After spending a year and a half at college, I’ve also realized that I cannot engage sexually with males on this campus without perpetuating female oppression. I have watched dozens of my female friends, many of whom identify as feminists, struggle to reconcile their desire to be “fun” with the way men treat them. Because of the way our “system” works (the way the guys here are socialized by upperclassmen, the expectations about what each sex is owed by the other, ideas about what it means to be grown up), as soon as women start having sex with guys on campus, they lose the power and are treated like dirt. Even when the male was the pursue-er and the woman the pursue-ee, the ball is put right back in his court after they have sex. Yet these same women are told that not having sex makes them less woman or less feminist. It is clear how this message works in the favor of males.

    Damned if you do, damned if you don’t I guess…

  • Catherine @ at 3:11 pm, June 3rd, 2011

    Yes, we all have to get through life’s daily challenges, but if you back off a bit and view this thoughtful discussion from a longer perspective, it becomes clear that the backlash aganst feminism has successfully (and historically not for the first time)reduced a serious political critique and a line of action against men’s oppression of women as a class to an individualized obsession with physical appearance and personal relationships with men. This round of the same old same old fell for confusing feminism with the trivializing Playboy “philosophy” and its line of exponents like Madonna and Lady Gaga, just as the pop feminists of the pre- and post World War I era bought into the men’s system in the form of the new “scene” of Sexology and its formulaic liberated “New Woman” and later the wild and crazy Flapper image. Diversionary tactics abound and all are dubbed feminism. Given the fact that feminism has failed to keep the focus on women united through critical attention to the reality that the personal is political, feminism is doomed to maintain a defensive posture and an internalized dialogue devoted to navigating a sexist environment instead of confronting it.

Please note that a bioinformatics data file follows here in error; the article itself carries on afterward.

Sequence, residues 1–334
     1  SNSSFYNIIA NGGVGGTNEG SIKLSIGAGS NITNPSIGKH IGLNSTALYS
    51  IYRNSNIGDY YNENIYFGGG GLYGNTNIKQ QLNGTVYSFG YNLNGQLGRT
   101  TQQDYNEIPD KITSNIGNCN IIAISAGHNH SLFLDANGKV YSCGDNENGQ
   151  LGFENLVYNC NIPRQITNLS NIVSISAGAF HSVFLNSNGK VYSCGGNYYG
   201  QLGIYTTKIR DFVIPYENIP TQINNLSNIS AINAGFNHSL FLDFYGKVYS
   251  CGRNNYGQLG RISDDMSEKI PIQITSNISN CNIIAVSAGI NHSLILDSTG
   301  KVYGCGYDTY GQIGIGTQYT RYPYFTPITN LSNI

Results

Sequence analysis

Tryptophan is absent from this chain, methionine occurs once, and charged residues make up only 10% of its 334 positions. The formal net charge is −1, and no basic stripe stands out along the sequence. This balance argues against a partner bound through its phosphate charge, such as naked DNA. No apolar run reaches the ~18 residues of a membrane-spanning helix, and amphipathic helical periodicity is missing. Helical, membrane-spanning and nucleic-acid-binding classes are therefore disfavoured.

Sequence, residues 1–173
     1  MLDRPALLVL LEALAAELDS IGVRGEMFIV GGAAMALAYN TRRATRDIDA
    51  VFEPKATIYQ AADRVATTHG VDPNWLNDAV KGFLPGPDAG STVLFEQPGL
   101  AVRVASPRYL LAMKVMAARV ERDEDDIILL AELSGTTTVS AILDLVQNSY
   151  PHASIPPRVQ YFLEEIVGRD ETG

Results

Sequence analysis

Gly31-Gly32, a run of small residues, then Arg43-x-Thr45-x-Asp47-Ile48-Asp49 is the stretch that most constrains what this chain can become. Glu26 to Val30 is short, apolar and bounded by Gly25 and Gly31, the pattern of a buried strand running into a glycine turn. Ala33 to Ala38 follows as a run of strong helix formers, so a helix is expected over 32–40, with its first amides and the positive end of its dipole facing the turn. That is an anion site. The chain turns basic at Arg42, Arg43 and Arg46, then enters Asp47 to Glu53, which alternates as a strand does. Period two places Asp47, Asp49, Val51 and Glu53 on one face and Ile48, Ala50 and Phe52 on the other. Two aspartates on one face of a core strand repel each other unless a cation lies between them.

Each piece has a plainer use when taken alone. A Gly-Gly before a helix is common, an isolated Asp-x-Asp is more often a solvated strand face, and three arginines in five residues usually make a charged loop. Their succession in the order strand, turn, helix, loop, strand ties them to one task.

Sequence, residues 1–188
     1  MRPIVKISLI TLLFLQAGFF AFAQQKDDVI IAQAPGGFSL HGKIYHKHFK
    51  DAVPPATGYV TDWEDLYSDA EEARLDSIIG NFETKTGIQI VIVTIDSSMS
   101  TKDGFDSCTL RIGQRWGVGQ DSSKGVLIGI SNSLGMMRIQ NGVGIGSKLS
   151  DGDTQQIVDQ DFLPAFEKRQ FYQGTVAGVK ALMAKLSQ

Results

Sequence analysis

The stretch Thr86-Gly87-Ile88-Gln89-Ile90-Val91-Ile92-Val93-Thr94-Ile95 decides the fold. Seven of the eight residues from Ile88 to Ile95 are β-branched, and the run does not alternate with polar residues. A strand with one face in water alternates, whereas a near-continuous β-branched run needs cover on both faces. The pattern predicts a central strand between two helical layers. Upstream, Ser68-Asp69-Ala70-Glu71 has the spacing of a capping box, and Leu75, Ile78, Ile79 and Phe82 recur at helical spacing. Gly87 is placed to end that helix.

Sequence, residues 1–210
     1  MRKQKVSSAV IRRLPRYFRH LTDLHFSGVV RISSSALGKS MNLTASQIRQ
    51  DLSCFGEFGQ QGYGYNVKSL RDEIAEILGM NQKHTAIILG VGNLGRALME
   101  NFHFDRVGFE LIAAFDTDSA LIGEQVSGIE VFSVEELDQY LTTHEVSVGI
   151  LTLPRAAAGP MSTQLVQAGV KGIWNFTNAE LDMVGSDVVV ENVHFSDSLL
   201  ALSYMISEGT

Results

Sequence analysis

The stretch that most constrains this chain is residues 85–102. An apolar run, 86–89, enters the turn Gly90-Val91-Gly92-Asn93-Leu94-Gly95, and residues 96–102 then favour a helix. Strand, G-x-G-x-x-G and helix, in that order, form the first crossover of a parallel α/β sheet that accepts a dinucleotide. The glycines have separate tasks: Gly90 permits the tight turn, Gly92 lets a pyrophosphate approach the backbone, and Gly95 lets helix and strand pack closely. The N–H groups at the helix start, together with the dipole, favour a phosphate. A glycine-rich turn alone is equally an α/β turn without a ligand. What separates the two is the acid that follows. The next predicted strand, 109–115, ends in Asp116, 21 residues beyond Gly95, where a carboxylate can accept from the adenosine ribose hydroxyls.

An added note: Use of “tough girl” language as occasionally done here, starting with the blog title, signals collaboration, not rebellion.

  • Catherine @ at 3:14 pm, June 3rd, 2011

    Correction: replace “scene” with “science”

  • Kamala @ at 6:10 pm, August 21st, 2011

    Rosemary you give me hope for young women. I was convinced that the media had turned you all into promiscuous porn actress wannabe’s in the name of feminism. What modern feminism fundamentally misunderstands is men. This new era has been a boon for men who get to have free sex, not hold doors open, not treat women to at least a meal or with respect for that matter and what do women get for all of this fun loving freedom? A never ending string of one night stands. Talk about shooting ourselves in the feminist foot. Thankfully young women like Rosemary are starting to wake up and see that this, quite frankly, sucks.